Colorado’s ban on ‘ghost guns’ faces legal challenge from pro-gun groups

Colorado Governor Jared Polis signed a bill in April 2023 that bans the sale and possession of “ghost guns” – firearms that are assembled from parts or kits and do not have serial numbers or background checks. The bill, known as HB21-1106, was one of several gun control measures passed by the Democratic-controlled legislature in response to the mass shootings in Boulder and Colorado Springs that killed 16 people.

However, the ban on ghost guns is now facing a federal lawsuit from two pro-gun groups that claim it violates the Second Amendment and the Commerce Clause of the U.S. Constitution. The groups, Firearms Policy Coalition and Second Amendment Foundation, filed the lawsuit on January 3, 2024, in the U.S. District Court for the District of Colorado. They are seeking a preliminary injunction to stop the enforcement of the ban, which took effect on January 1, 2024.

What are ghost guns and why are they banned?

Ghost guns are firearms that are made from parts or kits that can be purchased online or at gun shows without a background check or a serial number. They are also known as “80% guns” because the parts are typically 80% complete and require some drilling or milling to finish. Ghost guns can be made from metal, plastic, or even 3D-printed materials.

According to the bill’s sponsors, ghost guns pose a serious threat to public safety because they are untraceable and can be used by criminals, domestic abusers, and people who are prohibited from owning firearms. The bill’s sponsors cited several cases where ghost guns were used in crimes, including the 2019 shooting at a California high school that killed two students and wounded three others, and the 2020 shooting at a Milwaukee brewery that killed five co-workers and the gunman.

Colorado’s ban on ‘ghost guns’ faces legal challenge from pro-gun groups

The bill requires anyone who owns a ghost gun to apply for a serial number from the Colorado Bureau of Investigation and pass a background check by July 1, 2024. It also prohibits the sale, transfer, or possession of ghost guns after January 1, 2024, unless the person has a valid serial number and background check. Violators of the ban could face a class 1 misdemeanor charge, which carries a penalty of up to 18 months in jail and a $5,000 fine.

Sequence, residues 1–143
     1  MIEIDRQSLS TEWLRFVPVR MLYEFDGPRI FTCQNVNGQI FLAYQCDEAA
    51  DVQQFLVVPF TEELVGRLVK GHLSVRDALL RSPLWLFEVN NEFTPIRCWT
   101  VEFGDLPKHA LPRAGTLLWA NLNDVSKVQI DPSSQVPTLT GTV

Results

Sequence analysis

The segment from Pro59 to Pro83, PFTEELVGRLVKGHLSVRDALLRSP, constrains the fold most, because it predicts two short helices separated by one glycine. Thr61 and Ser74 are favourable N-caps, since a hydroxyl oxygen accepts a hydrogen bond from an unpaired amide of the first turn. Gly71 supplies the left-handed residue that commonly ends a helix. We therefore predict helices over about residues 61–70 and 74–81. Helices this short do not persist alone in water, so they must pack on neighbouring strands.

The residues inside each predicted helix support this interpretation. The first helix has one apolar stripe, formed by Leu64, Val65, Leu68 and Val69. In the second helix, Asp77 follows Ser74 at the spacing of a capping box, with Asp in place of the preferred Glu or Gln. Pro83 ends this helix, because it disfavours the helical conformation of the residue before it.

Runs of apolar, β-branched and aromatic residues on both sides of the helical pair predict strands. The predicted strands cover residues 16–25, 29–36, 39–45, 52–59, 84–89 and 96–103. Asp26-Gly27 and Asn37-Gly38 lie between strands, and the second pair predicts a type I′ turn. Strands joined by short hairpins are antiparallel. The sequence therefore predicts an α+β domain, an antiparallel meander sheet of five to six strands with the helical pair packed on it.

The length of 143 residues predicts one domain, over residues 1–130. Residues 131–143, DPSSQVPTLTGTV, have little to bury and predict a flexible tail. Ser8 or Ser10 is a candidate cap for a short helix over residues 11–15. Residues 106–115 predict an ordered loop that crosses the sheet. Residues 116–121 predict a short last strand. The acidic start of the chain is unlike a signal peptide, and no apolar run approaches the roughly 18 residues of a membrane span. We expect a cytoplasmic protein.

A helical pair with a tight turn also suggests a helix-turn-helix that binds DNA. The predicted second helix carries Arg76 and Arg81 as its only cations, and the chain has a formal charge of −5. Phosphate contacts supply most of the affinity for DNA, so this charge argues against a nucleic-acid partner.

Why are the pro-gun groups suing?

The pro-gun groups argue that the ban on ghost guns infringes on the right to keep and bear arms, as guaranteed by the Second Amendment. They claim that the bill’s definition of ghost guns is vague and overbroad, and that it criminalizes the possession of common and lawful firearm parts and accessories. They also contend that the bill violates the Commerce Clause, which gives Congress the power to regulate interstate commerce, by imposing Colorado’s regulations on firearm parts and kits that are sold or shipped across state lines.

The groups are represented by attorneys from the Independence Institute, a libertarian think tank based in Denver, and the Goldwater Institute, a conservative advocacy group based in Arizona. They are joined by three individual plaintiffs who are Colorado residents and gun owners who own or wish to own ghost guns.

The groups are asking the court to declare the ban on ghost guns unconstitutional and to issue a preliminary injunction to prevent the state from enforcing it. They claim that they will suffer irreparable harm if the ban is enforced, as they will lose their property rights, their ability to exercise their Second Amendment rights, and their ability to participate in the lawful commerce of firearm parts and kits.

What is the state’s response?

The state has not yet filed a response to the lawsuit, but Governor Polis and Attorney General Phil Weiser have previously defended the ban on ghost guns as a reasonable and necessary measure to prevent gun violence and protect public safety. They have also expressed confidence that the ban will withstand legal challenges, as it is consistent with the U.S. Supreme Court’s rulings on gun regulation.

In a statement issued after signing the bill in April 2023, Polis said, “We know that unregulated, untraceable, do-it-yourself ghost guns are used by people who are legally prohibited from buying guns to skirt the law and endanger our communities. This bill will help keep these dangerous weapons off our streets and out of the hands of those who shouldn’t have them.”

Weiser, who is responsible for defending the state’s laws in court, said in a statement issued after the lawsuit was filed, “We will vigorously defend Colorado’s reasonable and constitutional law to prevent the proliferation of untraceable firearms. This law is a common-sense measure to protect public safety and close a dangerous loophole that allows criminals and other prohibited persons to obtain firearms without a background check or a serial number.”

The case is Firearms Policy Coalition et al. v. Polis et al., Case No. 1:24-cv-00003 in the U.S. District Court for the District of Colorado.

Leave a Reply

Your email address will not be published. Required fields are marked *